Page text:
Saint Helena Hoopoe
|Saint Helena Hoopoe|
|Location of Saint Helena|
Upupa antaois (lapsus)
The Saint Helena Hoopoe (Upupa antaios), also known as Saint Helena Giant Hoopoe or Giant Hoopoe, is an extinct species of Hoopoe (family Upupidae), known exclusively from an incomplete subfossil skeleton.
It was endemic to the island of Saint Helena in the South Atlantic. It was much larger than its European and African relatives, and was completely flightless. The first analysis of this species was given in 1963 by the British zoologist Philip Ashmole, who discovered in the Dry Gut sediments in the east of Saint Helena a left Humerus which differed significantly from that of other Upupidae.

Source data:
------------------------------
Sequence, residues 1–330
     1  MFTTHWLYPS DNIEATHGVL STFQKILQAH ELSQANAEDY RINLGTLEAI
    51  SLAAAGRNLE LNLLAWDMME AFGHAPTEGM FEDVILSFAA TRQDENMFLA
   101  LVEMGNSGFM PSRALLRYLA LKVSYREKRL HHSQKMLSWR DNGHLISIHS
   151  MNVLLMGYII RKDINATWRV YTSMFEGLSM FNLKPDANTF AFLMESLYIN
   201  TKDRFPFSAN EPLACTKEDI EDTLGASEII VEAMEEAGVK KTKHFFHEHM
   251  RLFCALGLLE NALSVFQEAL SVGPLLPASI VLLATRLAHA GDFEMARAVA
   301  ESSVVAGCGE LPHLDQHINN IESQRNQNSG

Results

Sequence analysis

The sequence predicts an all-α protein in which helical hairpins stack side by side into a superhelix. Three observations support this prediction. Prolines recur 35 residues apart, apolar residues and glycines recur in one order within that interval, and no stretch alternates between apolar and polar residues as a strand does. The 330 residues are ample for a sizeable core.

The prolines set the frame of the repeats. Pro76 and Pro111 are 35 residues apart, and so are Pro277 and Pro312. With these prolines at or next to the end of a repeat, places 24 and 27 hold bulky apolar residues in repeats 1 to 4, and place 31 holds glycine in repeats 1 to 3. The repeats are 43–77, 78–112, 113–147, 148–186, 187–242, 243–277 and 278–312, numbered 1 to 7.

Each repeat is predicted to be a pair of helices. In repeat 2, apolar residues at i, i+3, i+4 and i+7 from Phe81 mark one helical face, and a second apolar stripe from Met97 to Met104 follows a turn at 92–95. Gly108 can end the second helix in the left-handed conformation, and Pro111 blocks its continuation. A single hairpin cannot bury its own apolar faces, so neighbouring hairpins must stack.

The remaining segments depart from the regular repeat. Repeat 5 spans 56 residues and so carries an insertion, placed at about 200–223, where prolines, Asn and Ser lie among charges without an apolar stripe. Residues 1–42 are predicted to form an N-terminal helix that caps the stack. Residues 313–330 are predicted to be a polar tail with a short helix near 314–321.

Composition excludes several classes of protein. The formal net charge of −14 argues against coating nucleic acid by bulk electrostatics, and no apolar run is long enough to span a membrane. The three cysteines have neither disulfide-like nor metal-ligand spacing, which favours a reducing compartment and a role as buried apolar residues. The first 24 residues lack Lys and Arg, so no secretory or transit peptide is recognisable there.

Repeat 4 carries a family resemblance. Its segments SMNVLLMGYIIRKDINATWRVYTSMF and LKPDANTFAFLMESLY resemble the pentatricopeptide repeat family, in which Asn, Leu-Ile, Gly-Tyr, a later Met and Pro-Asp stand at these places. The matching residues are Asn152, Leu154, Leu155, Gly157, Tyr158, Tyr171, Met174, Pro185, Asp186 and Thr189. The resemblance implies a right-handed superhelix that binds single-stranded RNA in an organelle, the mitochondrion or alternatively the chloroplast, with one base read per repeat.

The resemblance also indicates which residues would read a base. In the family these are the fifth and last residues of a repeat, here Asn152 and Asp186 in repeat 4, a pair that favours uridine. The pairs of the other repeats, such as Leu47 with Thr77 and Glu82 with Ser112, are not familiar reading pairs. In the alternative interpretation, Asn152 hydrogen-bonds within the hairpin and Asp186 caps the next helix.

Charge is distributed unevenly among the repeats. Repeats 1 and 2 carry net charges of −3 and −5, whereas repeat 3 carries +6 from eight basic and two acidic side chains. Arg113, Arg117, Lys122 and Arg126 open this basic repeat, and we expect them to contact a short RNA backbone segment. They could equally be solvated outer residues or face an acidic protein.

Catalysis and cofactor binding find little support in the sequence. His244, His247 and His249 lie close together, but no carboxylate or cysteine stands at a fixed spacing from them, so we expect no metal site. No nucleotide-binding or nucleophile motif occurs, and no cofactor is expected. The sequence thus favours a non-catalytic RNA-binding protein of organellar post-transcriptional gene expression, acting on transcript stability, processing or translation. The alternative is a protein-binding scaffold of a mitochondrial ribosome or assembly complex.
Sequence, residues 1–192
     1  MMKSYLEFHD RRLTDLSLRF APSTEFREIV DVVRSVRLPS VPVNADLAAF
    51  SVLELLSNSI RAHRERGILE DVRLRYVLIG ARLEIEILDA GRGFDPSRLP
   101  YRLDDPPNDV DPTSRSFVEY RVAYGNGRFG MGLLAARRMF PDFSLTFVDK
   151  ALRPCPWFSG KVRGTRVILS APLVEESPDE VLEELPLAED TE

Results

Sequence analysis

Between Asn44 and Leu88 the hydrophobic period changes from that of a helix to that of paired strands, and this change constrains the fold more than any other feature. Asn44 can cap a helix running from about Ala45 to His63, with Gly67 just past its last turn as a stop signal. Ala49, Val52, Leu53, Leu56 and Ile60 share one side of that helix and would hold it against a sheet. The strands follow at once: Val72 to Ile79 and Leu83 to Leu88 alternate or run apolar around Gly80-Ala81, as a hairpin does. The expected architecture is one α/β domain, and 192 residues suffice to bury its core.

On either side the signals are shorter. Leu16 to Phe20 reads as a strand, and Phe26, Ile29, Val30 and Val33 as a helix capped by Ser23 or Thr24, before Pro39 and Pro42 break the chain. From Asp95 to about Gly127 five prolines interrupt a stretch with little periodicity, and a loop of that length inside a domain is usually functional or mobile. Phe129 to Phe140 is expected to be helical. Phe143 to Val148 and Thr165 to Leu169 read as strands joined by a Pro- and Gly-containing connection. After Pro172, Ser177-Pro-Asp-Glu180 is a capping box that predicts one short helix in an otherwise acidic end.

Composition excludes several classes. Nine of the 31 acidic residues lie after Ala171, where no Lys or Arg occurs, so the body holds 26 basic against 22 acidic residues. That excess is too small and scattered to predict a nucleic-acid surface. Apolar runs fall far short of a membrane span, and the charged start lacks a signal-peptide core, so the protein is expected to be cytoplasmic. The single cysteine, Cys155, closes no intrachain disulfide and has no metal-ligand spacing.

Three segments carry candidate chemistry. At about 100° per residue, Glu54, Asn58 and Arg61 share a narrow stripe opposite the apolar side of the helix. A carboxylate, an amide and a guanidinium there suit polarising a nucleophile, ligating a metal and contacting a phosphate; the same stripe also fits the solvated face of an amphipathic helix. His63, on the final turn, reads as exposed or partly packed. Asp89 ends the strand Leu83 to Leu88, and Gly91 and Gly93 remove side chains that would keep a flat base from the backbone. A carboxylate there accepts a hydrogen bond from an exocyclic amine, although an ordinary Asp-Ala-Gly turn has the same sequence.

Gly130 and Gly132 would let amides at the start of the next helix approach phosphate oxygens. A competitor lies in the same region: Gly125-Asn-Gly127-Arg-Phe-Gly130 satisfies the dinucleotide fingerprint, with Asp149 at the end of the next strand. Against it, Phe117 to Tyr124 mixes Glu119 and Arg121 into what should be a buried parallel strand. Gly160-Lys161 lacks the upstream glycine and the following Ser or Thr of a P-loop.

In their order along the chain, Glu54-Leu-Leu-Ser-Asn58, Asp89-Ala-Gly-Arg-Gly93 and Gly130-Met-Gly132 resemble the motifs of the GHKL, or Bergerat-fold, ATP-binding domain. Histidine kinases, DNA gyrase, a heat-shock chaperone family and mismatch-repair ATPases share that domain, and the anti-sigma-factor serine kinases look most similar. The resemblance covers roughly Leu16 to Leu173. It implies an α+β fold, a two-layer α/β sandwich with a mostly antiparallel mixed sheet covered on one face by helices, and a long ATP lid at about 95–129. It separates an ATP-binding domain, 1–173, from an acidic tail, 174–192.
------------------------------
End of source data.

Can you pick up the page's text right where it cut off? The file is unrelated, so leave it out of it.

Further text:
The incomplete skeleton which was found in 1975 by palaeontologist Storrs L. Olson consists of both coracoids and the left femur. It is presumed to have become extinct soon after Saint Helena was discovered and colonized in 1502, due to a combination of the introduction of predators such as black rats, and domestic cats, and habitat destruction.
As all known hoopoes are insectivores that feed primarily on large insects, the Giant Hoopoe may have been a predator of the Saint Helena Giant Earwig (Labidura herculeana), an insect which has not been seen alive since 1967.
- Storrs L. Olson. (1975). Paleornithology of St Helena Island, south Atlantic Ocean. Smithsonian Contributions to Paleobiology 23.
- BirdLife International (2004). Upupa antaios. 2006. IUCN Red List of Threatened Species. IUCN 2006. www.iucnredlist.org. Retrieved on 4 November 2006. Database entry includes justification for why this species is listed as extinct
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